Libertarian Perspective

Patrick Henry
4 min readMar 9, 2018

My apologies to a multitude of priests, gurus, theologians, philosophers, physicists, astronomers, biologists, anthropologists and miscellaneous other deep thinkers who have contemplated the question I am about to ask. Most of them were or are smarter than I am, but considerably less flippant.

The question being: Why are we here?

Boiled WAY down, there seem to be two main theories to answer that question.

Based on sheer numbers, the most common answer we humans have come up with is the God theory. It can be summarized by my recollection of the Baltimore Catechism, as drilled into me by the nun who taught first grade. Question: Who made me? Answer: God made me. Question: Why did God make me? Answer: To know Him, love Him and Serve Him in this world, and be happy with Him in the next. The idea being that we were created, directly or indirectly, by a Supreme Being. We are given standards (The Ten Commandments) to guide our actions. If we adhere to those standards, we will be rewarded after we move from the top of the food chain to the bottom.

Self styled sophisticates, backed by a lot of empirical science, adhere to the “really lucky” theory. The Big Bang created (eventually) stars that provide energy to, and gravitational control of planets, one of which is earth. Over billions of years, and after a few fortunate asteroid collisions, an atmosphere evolved on earth that was conducive to life, out of which our species emerged about 200,000 years ago. There were some similar species of humanoids, whom we probably killed off. We are a statistically improbable accident (which might have been duplicated somewhere else in the vastness of the universe) with an average lifespan approaching 80 years, after which our rotting carcasses provide sustenance for other life forms.

Whichever one of these theories you adhere to, I would submit that neither justifies the level of government interference in our lives that we currently experience.

If you are a God person, you should be free to act in a manner that will gain for you the eternal reward. If the Nanny State regulates your behavior and sanctions deviation from its rules, the goal is not achieved. Even if mandated behavior comports with God’s Law, forced compliance isn’t going to cut it with a Just God. Free will is a cornerstone of theology.

If we are here by the luck of the evolutionary draw, our only purpose is to enjoy the lottery proceeds before they are exhausted. We should be free to act as we see fit and enjoy the fruits of our labors without interference.

Does that mean I am advocating anarchy? Absolutely not. We are herd animals. We live in groups, not in isolation. We have to organize ourselves to protect our opportunity to enjoy the freedom to regulate our own actions. As Hobbs rightly pointed out, we trade some of our freedom to Leviathan for security. Without effective government, the clever/ruthless will exploit those less clever and less ruthless (a pretty good summary of human history to date). Your freedom of actions must be constrained if your actions damage other people.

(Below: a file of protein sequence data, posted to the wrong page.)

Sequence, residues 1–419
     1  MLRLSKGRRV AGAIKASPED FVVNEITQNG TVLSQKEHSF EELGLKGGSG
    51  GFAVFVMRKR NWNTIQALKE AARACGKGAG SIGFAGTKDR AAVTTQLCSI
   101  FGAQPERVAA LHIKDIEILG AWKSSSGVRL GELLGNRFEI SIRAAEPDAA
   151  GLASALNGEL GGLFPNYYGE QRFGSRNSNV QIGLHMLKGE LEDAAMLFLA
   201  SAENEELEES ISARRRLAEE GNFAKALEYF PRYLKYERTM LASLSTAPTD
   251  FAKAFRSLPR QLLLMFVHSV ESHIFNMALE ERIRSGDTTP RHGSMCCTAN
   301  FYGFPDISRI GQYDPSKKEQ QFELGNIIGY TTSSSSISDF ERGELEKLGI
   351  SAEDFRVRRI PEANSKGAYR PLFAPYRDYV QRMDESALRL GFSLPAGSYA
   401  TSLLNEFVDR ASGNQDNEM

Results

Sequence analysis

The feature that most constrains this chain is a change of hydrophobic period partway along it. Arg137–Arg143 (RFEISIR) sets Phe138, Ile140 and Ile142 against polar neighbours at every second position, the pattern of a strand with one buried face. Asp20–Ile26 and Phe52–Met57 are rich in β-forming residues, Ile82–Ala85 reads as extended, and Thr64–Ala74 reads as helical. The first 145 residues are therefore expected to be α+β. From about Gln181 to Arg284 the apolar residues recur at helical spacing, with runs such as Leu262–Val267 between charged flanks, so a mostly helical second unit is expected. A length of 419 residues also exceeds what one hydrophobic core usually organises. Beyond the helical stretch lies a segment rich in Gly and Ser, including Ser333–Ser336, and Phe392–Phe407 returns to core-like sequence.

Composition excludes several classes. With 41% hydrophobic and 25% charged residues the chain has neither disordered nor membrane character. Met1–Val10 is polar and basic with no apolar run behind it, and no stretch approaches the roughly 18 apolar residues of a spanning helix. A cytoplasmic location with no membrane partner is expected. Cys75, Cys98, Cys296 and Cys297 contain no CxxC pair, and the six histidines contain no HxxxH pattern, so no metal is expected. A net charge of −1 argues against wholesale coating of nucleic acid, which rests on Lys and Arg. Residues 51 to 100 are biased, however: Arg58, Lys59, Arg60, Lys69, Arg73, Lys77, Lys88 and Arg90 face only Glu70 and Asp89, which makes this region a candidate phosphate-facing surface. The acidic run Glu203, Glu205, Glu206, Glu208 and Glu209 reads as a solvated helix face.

What kind of government fills the bill? We need national defense to protect us from invasion. We need police and courts to protect us from violence and theft of our property. We need a modest level of regulation to detect tainted products and level the economic playing field. We need a patent office to protect intellectual property. We need research to extend and improve human life. We need a regulatory regime that promotes economic growth so that our time on earth will be more comfortable and more financially secure. If local communities want to create a Nanny State, and if that is approved by the members of that community in a convincing fashion, so be it. But, under no circumstances, should that community be able to impose its notions of proper behavior on anybody else. Those who don’t like the rules can vote with their feet. And those who lust to have their behavior proscribed can move in.

What about the poor, the sick, the disabled? Have you no pity? Believers in God believe they owe alms. The sophisticated believe that they can feel good about themselves (and buy votes) by taxing the well off to take care of the less well off. We can certainly decide, as a society, to tax ourselves and devote resources to helping those who are incapable, due to physical or emotional impairment, of supporting themselves. However, most of the 47 million people currently drawing food stamps do not fall into that category. Nor do a great many of the 9 million drawing disability. There is nothing inherently wrong with informing every capable citizen that they are responsible for saving for their old age and medical needs. Every human being should be self-supporting, not a burden on other human beings. Even the impaired can be partially self-supporting. If a believer or compassionate individual wants to help another human being, I’m all for it. But the effort should be voluntary, not mandatory.

Government, at all levels, is about 1/3 of our economy. That’s $6,000,000,000,000. Every year! In Western Europe (a model many on the left side of the political spectrum want to emulate), it’s closer to 1/2. Most voters seem relatively content with that outcome. Correct that: They tolerate high taxes (mostly on others); they want a high level of benefits and a low level of taxes for themselves. In our electorate, those of Libertarian perspective might amount to 15% of population on any given day. Am I wasting my time with this advocacy? Maybe not. A greying demographic means that the Welfare/Nanny State will have a harder and harder time keeping its promises. When the money runs out, the alternative of less intrusive government might start looking more attractive.